Romanians in Ukraine

This article represents an overview on the history of Romanians in Ukraine, including those Romanians of Northern Bukovina, Zakarpattia Oblast, and Budjak in Odessa Oblast, but also those Romanophones in the territory between the Dniester River and the Southern Bug River, who traditionally have not inhabited any Romanian state (nor Transnistria), but have been an integral part of the history of modern Ukraine, and are considered natives to the area. There is an ongoing controversy whether Moldovans are part of the larger Romanian ethnic group or a separate ethnicity.

Romanian Ukrainians
Total population
Regions with significant populations
Chernivtsi Oblast (12.5%)
Zakarpattia Oblast (2.6%)
Predominantly Romanian (91.7%)
Predominantly Eastern Orthodox/Greek Catholic


Middle AgesEdit

Beginning with the 10th century, the territory was slowly infiltrated by Slavic tribes (Ulichs and Tivertsy) from the north, by Romanians (Vlachs) from the west, as well as by Turkic nomads such as Pechenegs, Cumans and (later) Tatars from the east.

Vlachs and Brodniks are mentioned in the area in the 12th and 13th century. As characterised by contemporary sources, the area between the Southern Bug and Dniester had never been populated by a single ethnicity, or totally controlled by Kievan or other rulers. Ukrainian historian Volodymyr Antonovych writes: "Neither the right bank, nor the left bank of the Dniester have ever belonged to Galician or other Ruthenian princes."

Since the 14th century, the area was intermittently ruled by Lithuanian dukes, Polish kings, Crimean khans, and Moldavian princes (such as Ion Vodă Armeanul). In 1681 George Ducas's title was "Despot of Moldavia and Ukraine", as he was simultaneously Prince of Moldavia and Hetman of Ukraine. Other Moldavian princes who held control of the territory in 17th and 18th centuries were Ştefan Movilă, Dimitrie Cantacuzino, and Mihai Racoviţă.

Modern AgeEdit

The end of the 18th century marked Imperial Russia's colonization of the region, as a result of which large migrations into the region were encouraged, including people of Ukrainian, Russian, and German ethnicity. The process of Russification and colonization of this territory started to be carried out by representatives of other ethnic groups of the Russian Empire.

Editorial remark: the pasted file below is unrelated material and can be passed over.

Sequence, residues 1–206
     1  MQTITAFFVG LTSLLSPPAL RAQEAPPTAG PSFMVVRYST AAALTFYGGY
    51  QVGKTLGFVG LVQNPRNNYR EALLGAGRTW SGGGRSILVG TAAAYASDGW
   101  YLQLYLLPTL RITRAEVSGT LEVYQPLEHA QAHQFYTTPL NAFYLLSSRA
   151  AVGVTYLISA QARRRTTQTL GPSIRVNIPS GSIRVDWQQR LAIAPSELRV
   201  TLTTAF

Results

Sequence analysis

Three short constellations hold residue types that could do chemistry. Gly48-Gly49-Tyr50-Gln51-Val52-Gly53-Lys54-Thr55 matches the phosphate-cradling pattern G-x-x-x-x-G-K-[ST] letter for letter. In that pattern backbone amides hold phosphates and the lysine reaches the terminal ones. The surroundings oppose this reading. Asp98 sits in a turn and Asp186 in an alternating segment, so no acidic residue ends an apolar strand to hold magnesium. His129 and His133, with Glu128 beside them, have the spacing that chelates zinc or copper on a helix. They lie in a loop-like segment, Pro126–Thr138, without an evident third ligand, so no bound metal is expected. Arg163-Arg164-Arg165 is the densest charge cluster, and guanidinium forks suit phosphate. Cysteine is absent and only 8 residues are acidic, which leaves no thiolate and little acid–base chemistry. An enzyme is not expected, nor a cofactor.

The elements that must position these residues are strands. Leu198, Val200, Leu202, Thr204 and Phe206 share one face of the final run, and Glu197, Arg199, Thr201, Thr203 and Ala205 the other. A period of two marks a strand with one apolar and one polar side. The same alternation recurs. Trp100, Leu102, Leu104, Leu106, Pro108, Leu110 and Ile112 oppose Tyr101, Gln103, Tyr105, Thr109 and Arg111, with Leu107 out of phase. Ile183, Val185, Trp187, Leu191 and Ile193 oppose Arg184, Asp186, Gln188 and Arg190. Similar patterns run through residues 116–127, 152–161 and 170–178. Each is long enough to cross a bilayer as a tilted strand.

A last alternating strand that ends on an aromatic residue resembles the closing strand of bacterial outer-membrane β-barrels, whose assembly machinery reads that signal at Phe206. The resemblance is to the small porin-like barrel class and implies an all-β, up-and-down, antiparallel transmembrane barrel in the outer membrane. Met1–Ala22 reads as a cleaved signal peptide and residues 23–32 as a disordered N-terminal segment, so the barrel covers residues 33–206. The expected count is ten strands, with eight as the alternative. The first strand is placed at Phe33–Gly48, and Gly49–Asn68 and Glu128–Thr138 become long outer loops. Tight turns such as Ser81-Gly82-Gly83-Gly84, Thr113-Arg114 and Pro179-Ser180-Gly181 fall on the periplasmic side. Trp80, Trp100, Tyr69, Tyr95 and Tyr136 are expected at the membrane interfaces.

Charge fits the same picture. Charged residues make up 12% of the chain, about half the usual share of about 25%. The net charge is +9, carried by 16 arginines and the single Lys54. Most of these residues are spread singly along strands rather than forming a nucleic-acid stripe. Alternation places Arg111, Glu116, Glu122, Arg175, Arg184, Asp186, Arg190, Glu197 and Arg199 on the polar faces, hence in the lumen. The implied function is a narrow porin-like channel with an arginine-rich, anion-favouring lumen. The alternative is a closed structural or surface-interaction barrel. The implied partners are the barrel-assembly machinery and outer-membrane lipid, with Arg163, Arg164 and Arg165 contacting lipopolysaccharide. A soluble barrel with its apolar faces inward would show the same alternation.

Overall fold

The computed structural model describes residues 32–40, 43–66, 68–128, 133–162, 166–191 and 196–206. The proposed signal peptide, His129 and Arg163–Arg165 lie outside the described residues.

While the Ruthenian ethnic element is fundamental for Cossacks, some[who?] have claimed a considerable number of Romanians among the hetmans of the Cossacks (i.e. Ioan Potcoavă, Grigore Lobodă (Hryhoriy Loboda), who ruled in 1593–1596), Ioan Sârcu (Ivan Sirko), who ruled in 1659–1660, Dănilă Apostol (Danylo Apostol), who ruled in 1727–1734, Alexander Potcoavă, Constantin Potcoavă, Petre Lungu, Petre Cazacu, Tihon Baibuza, Samoilă Chişcă, Opară, Trofim Voloşanin, Ion Şărpilă, Timotei Sgură, Dumitru Hunu), and other high-ranking Cossacks (Polkovnyks Toader Lobădă and Dumitraşcu Raicea in Pereiaslav, Martin Puşcariu in Poltava, Burlă in Gdańsk, Pavel Apostol in Mirgorod, Eremie Gânju and Dimitrie Băncescu in Uman, Varlam Buhăţel, Grigore Gămălie in Lubensk, Grigore Cristofor, Ion Ursu, Petru Apostol in Lubensk).[citation needed]

After 1812, the Russian Empire annexed Bessarabia from the Ottoman Empire. Romanians under Russian rule enjoyed privileges well, the language of Moldavians was established as an official language in the governmental institutions of Bessarabia, used along with Russian,[1] as 95% of the population was Romanian.[2][3]